Nuclear weapons could be used to blow-up asteroids if they are in danger of colliding with Earth, it has been revealed. A European Commission funded program called NEOShield tasked a group of top Russian scientists and engineers with developing plans to send nuclear warheads into space as part of a scheme looking into ways to protect the planet from asteroid threats.
Although firing or stationing nuclear weapons in space was banned under the Outer Space Treaty of 1967, researchers believe the deal would be immediately scrapped if Earth was in genuine peril. The thinking behind the plan is that a nuclear blast could destroy chunks of any Earth-bound asteroid, causing it to lose mass and change its direction of travel.
Revealing details of the project, Russia's Central Scientific Research Institute of Machine Building released a press statement saying: "Work was distributed among various participants from different countries and organisations, and work on deflecting dangerous space objects with nuclear explosions was conducted by Russia." The institute is part of the Russian space agency Roscosmos, the Telegraph reported.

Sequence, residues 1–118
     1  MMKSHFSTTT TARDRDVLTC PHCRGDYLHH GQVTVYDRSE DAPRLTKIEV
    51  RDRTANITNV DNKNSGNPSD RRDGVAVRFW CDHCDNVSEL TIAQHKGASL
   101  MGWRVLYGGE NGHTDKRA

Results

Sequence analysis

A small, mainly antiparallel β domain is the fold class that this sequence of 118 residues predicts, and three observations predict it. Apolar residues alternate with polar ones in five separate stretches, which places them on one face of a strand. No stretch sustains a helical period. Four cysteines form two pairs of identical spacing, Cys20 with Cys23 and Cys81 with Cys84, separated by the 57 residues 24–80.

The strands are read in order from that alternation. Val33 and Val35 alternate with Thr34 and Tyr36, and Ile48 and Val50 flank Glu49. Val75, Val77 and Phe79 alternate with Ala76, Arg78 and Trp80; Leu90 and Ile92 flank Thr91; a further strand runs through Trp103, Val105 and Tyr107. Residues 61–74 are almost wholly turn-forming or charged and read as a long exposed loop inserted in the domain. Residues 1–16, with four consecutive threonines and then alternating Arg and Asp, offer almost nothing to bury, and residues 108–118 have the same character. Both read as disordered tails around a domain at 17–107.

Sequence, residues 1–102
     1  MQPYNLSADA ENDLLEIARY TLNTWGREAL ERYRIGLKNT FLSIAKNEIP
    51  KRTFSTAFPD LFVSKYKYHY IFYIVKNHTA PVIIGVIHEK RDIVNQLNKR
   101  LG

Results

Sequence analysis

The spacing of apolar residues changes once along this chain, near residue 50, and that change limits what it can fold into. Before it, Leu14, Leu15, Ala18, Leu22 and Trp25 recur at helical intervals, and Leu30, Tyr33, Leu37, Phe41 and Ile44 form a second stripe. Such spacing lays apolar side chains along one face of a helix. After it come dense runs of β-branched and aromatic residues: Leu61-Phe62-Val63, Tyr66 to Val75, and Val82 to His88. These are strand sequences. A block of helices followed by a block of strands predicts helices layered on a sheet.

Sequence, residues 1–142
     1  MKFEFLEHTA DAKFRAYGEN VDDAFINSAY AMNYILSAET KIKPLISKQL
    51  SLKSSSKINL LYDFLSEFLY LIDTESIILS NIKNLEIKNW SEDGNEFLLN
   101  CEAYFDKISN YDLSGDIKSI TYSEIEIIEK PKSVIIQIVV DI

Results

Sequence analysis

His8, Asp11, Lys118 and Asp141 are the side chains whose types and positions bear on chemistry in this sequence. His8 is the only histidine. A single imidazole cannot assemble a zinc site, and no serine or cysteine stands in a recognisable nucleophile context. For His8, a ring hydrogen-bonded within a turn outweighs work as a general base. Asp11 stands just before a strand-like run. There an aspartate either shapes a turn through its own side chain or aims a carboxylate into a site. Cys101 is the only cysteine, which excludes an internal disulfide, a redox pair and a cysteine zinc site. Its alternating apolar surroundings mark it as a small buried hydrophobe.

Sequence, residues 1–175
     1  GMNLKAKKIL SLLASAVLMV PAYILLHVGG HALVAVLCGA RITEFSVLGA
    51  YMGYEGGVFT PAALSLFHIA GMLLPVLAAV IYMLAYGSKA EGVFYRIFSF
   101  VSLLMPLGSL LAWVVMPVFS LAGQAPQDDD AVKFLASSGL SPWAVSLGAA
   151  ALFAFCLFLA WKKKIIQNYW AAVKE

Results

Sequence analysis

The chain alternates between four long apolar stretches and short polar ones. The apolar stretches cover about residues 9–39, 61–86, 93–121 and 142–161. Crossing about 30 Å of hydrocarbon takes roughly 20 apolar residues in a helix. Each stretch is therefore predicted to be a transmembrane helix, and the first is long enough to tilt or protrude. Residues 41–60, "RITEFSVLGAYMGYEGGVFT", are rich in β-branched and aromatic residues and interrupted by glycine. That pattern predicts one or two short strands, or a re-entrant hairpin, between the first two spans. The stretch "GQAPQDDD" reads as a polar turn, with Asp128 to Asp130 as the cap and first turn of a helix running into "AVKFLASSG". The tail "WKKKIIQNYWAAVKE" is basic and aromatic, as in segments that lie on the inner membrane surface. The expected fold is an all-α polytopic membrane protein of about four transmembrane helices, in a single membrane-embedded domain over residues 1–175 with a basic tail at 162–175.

The institute went on to explain why it was so confident that there is a future for nuclear weapons in space despite international legislation opposing such a scheme. "If the asteroid threat becomes a matter of serious damage or even the very existence of life on Earth, that ban would naturally be lifted," it claimed.
Scientists now believe it is no longer a matter of if but when the Earth will experience a potentially devastating asteroid strike. Earth has repeatedly suffered such impacts over the course of its history, with one theory for the extinction of dinosaurs being a six-mile wide object ploughing into Mexico.
Other strikes include an asteroid up to 190m across exploding over Siberia in 1908 flattening 770 square miles of forest with the force of 1,000 atomic bombs. More recently a 20m wide meteor exploded over the Russian city of Chelyabinsk in 2013, injuring 1,500 people and damaging more than 7,000 homes.